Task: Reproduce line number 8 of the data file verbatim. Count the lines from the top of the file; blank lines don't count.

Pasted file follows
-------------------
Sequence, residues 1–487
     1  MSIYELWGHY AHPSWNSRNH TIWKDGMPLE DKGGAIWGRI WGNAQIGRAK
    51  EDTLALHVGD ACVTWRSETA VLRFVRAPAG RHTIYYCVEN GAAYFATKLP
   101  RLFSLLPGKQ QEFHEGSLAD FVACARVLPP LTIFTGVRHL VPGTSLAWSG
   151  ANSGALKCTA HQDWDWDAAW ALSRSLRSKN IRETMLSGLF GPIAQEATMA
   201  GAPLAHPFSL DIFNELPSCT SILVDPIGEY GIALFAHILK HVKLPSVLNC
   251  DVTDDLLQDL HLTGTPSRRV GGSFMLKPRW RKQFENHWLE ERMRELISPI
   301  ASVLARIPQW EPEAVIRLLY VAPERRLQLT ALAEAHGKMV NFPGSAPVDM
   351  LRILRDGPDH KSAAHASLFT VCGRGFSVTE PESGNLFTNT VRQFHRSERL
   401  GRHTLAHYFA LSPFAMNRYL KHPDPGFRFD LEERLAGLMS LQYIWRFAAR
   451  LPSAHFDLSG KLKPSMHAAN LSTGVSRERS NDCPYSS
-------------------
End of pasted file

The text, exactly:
   301  ASVLARIPQW EPEAVIRLLY VAPERRLQLT ALAEAHGKMV NFPGSAPVDM